At Qubole, users run Spark at scale on cloud (900+ concurrent nodes). At such scale, for efficiently running SLA critical jobs, tuning Spark configurations is essential. But it continues to be a difficult undertaking, largely driven by trial and error. In this talk, we will address the problem of auto-tuning SQL workloads on Spark. The same technique can also be adapted for non-SQL Spark workloads. In our earlier work[1], we proposed a model based on simple rules and insights. It was simple yet effective at optimizing queries and finding the right instance types to run queries. However, with respect to auto tuning Spark configurations we saw scope of improvement. On exploration, we found previous works addressing auto-tuning using Machine learning techniques. One major drawback of the simple model[1] is that it cannot use multiple runs of query for improving recommendation, whereas the major drawback with Machine Learning techniques is that it lacks domain specific knowledge. Hence, we decided to combine both techniques. Our auto-tuner interacts with both models to arrive at good configurations. Once user selects a query to auto tune, the next configuration is computed from models and the query is run with it. Metrics from event log of the run is fed back to models to obtain next configuration. Auto-tuner will continue exploring good configurations until it meets the fixed budget specified by the user. We found that in practice, this method gives much better configurations compared to configurations chosen even by experts on real workload and converges soon to optimal configuration. In this talk, we will present a novel ML model technique and the way it was combined with our earlier approach. Results on real workload will be presented along with limitations and challenges in productionizing them. [1] Margoor et al,'Automatic Tuning of SQL-on-Hadoop Engines' 2018,IEEE CLOUD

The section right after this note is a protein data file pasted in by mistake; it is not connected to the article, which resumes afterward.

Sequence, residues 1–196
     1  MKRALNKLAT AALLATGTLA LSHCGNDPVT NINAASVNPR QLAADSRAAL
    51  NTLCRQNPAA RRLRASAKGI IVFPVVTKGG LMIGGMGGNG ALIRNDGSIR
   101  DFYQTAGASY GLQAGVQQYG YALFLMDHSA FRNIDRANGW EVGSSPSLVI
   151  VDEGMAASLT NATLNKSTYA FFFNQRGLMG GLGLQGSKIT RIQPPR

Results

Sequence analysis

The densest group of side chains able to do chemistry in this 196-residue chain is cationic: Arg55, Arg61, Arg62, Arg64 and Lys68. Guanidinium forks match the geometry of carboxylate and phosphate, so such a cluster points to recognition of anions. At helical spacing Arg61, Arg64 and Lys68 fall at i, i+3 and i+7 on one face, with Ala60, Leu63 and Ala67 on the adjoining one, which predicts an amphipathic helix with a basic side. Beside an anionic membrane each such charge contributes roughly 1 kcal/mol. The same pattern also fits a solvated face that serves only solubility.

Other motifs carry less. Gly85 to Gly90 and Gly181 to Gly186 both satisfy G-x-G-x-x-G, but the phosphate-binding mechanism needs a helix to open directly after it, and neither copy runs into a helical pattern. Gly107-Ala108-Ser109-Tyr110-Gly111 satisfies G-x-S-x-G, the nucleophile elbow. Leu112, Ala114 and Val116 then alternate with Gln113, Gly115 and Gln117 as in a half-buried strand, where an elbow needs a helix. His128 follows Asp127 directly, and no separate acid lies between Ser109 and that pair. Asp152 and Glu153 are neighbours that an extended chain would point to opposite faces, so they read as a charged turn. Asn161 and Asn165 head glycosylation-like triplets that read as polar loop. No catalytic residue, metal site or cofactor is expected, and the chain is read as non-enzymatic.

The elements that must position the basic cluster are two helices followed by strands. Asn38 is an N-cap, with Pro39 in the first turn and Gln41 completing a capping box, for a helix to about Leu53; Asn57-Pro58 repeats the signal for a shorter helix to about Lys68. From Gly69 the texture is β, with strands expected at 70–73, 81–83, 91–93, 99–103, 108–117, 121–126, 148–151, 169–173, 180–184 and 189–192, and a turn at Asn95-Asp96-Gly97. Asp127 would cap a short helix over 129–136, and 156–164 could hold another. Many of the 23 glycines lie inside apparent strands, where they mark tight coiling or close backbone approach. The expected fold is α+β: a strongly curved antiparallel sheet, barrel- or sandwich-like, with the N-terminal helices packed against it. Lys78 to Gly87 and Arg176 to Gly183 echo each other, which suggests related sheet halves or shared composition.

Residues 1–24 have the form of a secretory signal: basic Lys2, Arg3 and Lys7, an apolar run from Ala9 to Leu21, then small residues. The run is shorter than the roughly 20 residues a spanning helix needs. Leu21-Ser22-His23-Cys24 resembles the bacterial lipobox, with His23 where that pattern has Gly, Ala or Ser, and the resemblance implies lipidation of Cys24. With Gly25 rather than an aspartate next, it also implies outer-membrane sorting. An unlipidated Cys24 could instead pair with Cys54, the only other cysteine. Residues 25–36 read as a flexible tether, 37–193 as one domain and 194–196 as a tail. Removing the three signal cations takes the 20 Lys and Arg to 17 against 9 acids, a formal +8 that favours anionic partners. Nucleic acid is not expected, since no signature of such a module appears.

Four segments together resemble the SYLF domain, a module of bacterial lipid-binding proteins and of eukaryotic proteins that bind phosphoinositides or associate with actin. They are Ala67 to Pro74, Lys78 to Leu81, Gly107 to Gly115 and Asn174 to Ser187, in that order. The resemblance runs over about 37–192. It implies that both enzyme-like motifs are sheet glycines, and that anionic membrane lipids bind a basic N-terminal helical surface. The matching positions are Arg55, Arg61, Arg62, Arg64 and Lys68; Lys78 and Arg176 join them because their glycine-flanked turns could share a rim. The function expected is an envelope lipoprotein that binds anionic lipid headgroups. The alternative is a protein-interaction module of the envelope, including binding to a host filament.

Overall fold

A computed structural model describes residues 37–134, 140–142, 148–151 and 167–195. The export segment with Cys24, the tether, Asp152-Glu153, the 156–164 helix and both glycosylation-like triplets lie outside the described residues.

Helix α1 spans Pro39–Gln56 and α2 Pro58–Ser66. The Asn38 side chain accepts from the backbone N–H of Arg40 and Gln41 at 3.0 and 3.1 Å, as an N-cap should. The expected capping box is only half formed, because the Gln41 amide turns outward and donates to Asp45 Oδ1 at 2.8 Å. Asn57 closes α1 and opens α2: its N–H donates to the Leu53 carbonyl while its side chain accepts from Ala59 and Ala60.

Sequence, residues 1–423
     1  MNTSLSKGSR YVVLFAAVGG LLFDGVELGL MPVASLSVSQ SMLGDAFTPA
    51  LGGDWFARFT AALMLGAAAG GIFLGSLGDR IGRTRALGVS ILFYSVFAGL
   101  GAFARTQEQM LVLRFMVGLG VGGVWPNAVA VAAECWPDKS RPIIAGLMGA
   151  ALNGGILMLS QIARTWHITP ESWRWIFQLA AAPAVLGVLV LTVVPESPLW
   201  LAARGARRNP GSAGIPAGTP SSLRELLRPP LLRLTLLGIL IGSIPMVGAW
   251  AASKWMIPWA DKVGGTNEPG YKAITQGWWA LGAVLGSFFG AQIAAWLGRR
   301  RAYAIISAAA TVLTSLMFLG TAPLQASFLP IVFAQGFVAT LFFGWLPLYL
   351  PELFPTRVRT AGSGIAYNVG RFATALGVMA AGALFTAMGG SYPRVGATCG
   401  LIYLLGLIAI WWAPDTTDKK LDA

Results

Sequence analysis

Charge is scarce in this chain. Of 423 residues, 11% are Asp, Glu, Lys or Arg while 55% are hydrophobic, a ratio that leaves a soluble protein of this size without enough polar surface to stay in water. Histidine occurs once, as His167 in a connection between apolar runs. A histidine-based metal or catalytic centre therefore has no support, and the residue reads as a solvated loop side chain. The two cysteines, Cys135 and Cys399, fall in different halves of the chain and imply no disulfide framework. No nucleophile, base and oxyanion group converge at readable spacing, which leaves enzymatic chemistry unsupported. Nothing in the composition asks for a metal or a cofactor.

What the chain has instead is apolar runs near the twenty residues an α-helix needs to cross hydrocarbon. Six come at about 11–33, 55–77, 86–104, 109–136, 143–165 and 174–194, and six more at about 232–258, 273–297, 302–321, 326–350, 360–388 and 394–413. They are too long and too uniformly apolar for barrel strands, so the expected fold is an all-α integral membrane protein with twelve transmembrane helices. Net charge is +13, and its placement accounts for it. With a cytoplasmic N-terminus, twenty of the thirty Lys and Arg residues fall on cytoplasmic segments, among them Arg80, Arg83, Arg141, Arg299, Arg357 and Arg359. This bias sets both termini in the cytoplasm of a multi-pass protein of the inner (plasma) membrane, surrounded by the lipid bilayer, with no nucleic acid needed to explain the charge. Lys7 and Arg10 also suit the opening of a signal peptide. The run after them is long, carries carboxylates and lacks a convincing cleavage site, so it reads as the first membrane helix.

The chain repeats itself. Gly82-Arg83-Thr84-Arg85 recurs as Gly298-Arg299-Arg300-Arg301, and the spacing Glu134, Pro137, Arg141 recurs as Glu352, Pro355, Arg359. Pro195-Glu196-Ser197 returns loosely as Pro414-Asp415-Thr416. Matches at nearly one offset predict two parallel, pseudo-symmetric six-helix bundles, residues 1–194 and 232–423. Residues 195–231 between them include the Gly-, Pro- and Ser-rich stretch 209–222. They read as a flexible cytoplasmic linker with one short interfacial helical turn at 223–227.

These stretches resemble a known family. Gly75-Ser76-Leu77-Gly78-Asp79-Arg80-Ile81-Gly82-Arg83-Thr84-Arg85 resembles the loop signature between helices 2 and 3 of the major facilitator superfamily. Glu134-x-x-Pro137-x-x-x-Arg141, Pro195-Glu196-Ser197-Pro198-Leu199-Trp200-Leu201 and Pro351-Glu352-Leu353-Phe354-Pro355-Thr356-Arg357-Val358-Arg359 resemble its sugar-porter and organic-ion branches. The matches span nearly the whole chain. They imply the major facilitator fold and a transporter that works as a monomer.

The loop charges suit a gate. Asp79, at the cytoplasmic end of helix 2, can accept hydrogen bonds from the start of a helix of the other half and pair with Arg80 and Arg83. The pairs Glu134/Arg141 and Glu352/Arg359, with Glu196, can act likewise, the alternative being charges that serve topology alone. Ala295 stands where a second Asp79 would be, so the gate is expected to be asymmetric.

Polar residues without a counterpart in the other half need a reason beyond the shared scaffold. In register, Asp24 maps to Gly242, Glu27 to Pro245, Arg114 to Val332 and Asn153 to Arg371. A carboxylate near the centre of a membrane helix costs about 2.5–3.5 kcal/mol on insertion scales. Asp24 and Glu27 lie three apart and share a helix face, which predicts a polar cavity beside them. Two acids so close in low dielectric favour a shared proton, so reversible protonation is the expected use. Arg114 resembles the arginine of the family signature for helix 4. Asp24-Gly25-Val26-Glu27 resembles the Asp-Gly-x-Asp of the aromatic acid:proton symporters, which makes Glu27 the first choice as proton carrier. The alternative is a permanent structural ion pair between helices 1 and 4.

A04660105

This document describes the implementation of the AES (Advanced Encryption Standard) algorithm using a fully pipelined design on an FPGA. It first provides background on the AES algorithm, including its key components and previous hardware implementations. It then details the proposed fully pipelined design, which implements each of AES's 10 rounds as separate pipeline stages to achieve high throughput. Key generation is also pipelined internally. Simulation results show the design achieves a throughput higher than previous reported implementations.

powerpoint feb

The document proposes using an ensemble of K-nearest neighbor classifiers optimized with genetic programming for intrusion detection. It trains multiple K-NN classifiers on subsets of the KDD Cup 1999 intrusion detection dataset and then uses genetic programming to combine the classifiers to improve performance. Results show the ensemble approach reduces error rates compared to individual classifiers and the genetic programming-based ensemble achieves an area under the ROC curve of 0.99976, outperforming the component classifiers.

Architectural Optimizations for High Performance and Energy Efficient Smith-W...

Architectural Optimizations for High Performance and Energy Efficient Smith-W...NECST Lab @ Politecnico di Milano

This document discusses optimizations for high performance and energy efficient implementations of the Smith-Waterman algorithm on FPGAs using OpenCL. It describes an architecture with a systolic array for parallel computation along anti-diagonals and compression techniques to address the memory-bound nature. Experimental results on two FPGA boards show up to 42.5 GCUPS performance with the best performance/power ratio compared to CPUs and other FPGA implementations.ASIC Implementation for SOBEL Accelerator

This document summarizes an ASIC implementation of a Sobel edge detection accelerator. It begins with an introduction to accelerators and edge detection in video images. It then describes the proposed Sobel accelerator design, which uses a pipelined architecture to process pixels from an image in groups of four. The design includes registers to store pixel values, a multiplier array to calculate partial derivatives, and addition circuits to accumulate the results. Finally, it discusses the advantages of implementing the Sobel accelerator using an ASIC design over an FPGA, including higher density, cost savings, and faster fabrication for mass production.

IRJET-ASIC Implementation for SOBEL Accelerator